Jocky Gym
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Jocky Gym: The Epicentre of Muay Femur Brilliance

In the bustling streets of Bangkok, where the echoes of tradition blend seamlessly with the pulse of modernity, there exists a fortress of Muay Femur excellence: Jocky Gym.

Nestled amidst the chaotic rhythm of the city, this unassuming establishment has long been revered as a breeding ground for stadium champions. From the legendary feats of Somrak Khamsing to the elusive artistry of Saenchai and Lerdsila, the walls of Jocky Gym have witnessed the rise of countless Muay Thai Giants. Yet, beyond its illustrious history lies a tale of resilience, evolution, and the enduring spirit of a community united by their passion for the art of eight limbs.

The Birth of Jocky Gym

Jocky Gym was created in 1963 in the Bang Pho district of Bangkok by Somat Hong Sakoun. Somat was a muay femur (technician) during the 1960s in Thailand, and later worked as a consultant for Thai radio stations and TV channels. In addition, he was a Muay Thai promoter in the city alongside the legendary Songchai Rattanasuban.

Somat (centre) with Silapathai Jocky Gym (left) and Wanwiset Kaennorasing (right)
Somat (centre) with Silapathai Jocky Gym (left) and Wanwiset Kaennorasing (right)

Somat’s house was located a stone’s throw away from the gym. The first floor was reserved for Somat, while the ground floor of the house served as living quarters for fighters.

The gym was originally named SitSorForYor Gym. However, due to the success of Jocky Sitkanpai in the 1970s, the gym’s name was changed to Jocky Gym in honour of the gym’s greatest student. Jocky was the first student to bring home a major stadium belt, winning the Thailand Bantamweight title and the Rajadamnern Bantamweight title in 1974 and 1975, respectively.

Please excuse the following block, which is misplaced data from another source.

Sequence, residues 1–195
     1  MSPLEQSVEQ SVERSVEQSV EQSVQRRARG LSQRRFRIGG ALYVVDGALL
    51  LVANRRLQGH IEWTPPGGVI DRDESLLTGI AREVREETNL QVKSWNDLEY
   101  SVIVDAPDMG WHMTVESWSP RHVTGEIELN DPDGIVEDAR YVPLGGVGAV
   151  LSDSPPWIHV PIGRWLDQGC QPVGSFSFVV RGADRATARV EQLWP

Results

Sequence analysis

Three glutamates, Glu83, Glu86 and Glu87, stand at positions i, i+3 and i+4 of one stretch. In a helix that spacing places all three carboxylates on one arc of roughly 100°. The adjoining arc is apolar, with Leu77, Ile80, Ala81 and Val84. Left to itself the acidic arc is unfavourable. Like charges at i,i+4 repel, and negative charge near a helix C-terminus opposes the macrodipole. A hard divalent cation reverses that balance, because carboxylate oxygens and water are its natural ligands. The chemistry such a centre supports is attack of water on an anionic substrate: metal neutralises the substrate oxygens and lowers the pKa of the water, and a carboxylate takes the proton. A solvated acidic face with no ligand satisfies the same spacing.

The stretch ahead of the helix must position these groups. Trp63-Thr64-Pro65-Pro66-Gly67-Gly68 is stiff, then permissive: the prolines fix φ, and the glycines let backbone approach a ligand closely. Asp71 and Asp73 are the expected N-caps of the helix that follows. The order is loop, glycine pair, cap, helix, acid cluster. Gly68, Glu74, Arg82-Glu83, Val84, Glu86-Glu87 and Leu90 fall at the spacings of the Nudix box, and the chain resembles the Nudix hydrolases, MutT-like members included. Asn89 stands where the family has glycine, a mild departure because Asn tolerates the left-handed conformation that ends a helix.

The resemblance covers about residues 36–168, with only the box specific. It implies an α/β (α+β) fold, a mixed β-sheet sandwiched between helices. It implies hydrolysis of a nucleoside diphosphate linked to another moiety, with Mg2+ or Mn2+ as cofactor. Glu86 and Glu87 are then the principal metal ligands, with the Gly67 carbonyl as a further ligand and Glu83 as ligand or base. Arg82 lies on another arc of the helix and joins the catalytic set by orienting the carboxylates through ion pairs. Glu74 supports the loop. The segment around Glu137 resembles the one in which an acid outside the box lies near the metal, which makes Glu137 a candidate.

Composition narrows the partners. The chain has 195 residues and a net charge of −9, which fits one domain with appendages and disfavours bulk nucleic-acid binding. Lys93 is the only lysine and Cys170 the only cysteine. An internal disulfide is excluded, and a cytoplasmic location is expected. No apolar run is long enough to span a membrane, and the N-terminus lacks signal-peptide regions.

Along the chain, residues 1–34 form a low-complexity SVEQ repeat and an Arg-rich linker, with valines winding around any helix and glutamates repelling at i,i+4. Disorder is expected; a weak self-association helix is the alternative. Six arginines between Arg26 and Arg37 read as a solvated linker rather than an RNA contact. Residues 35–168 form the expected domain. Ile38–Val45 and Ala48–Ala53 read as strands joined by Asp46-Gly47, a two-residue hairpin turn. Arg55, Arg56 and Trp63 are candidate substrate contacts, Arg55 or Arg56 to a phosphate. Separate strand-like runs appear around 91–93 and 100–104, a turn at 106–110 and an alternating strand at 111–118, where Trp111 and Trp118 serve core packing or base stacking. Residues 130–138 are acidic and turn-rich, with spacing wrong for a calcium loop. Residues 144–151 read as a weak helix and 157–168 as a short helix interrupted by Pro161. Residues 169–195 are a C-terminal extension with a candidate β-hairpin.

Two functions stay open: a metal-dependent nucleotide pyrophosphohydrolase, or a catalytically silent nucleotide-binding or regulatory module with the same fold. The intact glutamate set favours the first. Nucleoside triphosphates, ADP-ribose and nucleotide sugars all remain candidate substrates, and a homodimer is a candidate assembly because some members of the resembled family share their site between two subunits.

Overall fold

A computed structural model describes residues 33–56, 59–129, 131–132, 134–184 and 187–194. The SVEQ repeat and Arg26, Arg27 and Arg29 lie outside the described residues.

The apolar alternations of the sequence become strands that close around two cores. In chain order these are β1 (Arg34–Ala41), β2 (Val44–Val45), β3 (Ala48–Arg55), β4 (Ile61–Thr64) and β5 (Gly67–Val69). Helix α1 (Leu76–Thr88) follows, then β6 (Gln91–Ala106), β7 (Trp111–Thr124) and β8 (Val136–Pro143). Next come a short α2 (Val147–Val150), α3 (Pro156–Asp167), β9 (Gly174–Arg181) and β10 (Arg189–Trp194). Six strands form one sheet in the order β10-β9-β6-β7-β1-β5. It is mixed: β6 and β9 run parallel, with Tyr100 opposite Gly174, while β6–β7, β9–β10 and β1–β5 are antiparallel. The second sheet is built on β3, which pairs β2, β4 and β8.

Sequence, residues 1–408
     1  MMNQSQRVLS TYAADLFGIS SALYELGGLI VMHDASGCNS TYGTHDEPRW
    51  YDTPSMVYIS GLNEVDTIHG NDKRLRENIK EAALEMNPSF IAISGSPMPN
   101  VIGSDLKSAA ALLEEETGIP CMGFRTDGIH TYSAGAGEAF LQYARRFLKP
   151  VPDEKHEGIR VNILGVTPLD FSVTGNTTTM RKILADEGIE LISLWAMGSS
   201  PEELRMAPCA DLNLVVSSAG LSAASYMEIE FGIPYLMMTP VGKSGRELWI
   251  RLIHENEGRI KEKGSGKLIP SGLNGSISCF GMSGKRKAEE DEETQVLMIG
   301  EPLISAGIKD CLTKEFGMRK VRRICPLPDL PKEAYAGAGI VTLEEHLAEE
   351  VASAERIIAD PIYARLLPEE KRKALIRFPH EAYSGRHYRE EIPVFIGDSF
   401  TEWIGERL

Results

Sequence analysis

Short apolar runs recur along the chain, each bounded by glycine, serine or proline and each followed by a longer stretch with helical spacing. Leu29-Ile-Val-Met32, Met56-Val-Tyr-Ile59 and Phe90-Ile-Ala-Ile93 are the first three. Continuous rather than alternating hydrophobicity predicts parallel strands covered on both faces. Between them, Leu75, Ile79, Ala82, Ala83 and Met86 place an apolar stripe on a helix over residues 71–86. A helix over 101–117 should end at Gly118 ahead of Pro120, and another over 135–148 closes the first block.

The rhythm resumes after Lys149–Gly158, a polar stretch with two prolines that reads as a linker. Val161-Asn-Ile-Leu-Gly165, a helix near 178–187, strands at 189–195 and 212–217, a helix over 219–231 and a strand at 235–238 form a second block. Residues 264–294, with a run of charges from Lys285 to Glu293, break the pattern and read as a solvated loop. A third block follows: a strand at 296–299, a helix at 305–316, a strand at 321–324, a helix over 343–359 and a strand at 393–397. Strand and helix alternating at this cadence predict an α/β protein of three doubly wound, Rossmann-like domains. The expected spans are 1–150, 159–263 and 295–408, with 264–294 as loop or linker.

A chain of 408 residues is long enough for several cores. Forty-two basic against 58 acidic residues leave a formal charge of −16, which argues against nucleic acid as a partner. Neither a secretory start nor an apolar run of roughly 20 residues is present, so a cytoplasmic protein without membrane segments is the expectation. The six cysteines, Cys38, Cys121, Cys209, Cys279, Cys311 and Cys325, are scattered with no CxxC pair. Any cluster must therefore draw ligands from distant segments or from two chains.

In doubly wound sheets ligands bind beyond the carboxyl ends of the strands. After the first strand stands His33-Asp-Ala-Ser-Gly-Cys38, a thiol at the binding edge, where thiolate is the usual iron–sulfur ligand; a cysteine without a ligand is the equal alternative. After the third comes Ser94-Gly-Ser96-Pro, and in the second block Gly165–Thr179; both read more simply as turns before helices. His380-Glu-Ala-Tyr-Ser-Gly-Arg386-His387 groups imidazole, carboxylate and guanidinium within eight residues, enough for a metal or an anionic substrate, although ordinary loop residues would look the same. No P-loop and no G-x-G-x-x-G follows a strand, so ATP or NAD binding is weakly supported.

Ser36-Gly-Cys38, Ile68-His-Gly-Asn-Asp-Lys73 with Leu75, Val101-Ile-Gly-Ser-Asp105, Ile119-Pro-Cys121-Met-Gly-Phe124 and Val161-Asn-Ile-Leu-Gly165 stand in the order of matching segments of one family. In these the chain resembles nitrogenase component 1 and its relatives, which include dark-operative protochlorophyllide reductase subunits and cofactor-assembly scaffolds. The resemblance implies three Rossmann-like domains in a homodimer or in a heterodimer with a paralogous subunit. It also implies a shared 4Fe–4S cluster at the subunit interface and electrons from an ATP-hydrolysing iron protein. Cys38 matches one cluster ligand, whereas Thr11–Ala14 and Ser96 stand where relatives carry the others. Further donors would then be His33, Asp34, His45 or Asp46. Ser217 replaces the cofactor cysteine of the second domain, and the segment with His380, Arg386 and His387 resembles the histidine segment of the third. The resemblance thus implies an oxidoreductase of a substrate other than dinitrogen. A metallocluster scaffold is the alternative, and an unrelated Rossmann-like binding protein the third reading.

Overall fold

Jocky Sitkanpai
Jocky Sitkanpai

Jocky defeated a long list of elite fighters from that era such as Nongkhai Sor Prapatsorn, Pudpadnoi Worawut and Sagat Petchyindee.

Notable Jocky Gym Fighters

The following Thai fighters have, at some point, trained at Jocky Gym.

  • Somrak Khamsing
  • Robert Kaennorasing
  • Rolex Kaennorasing
  • Silapathai Jocky Gym
  • Wanwiset Kaennorasing
  • Saenchai P.K.Saenchaimuaythaigym
  • Lerdsila Chumpairtour
  • Sonkom Jocky Gym
  • Kaoklai Kaennorasing
  • Chaowarit Jocky Gym
  • Patong Jocky Gym


Pipa was an Issan native who began training at Jocky Gym in 1981 at the age of 18. He was a muay femur who came from a village near Udon Thani and had fought in events all over Issan, winning the regional title.


Pipa spent his entire career training and fighting out of Jocky Gym, right up until his retirement from professional Muay Thai at the age of 29. He won 110 fights from a total of 150 during his career, but never managed to make it to the pinnacle of Muay Thai and win a Rajadamnern or Lumpinee title.

Soon after retiring from fighting in 1991, Pipa became a trainer at Jocky Gym. He proceeded to teach the femur style to all of his students, regardless of their background in Muay Thai; if an aggressive fighter arrived at the gym, Pipa converted him to femur. If a clinch fighter showed up, that fighter became a ‘clinch femur.’

In fact, all the trainers at gym taught the femur style. Jocky Gym had become a femur institution.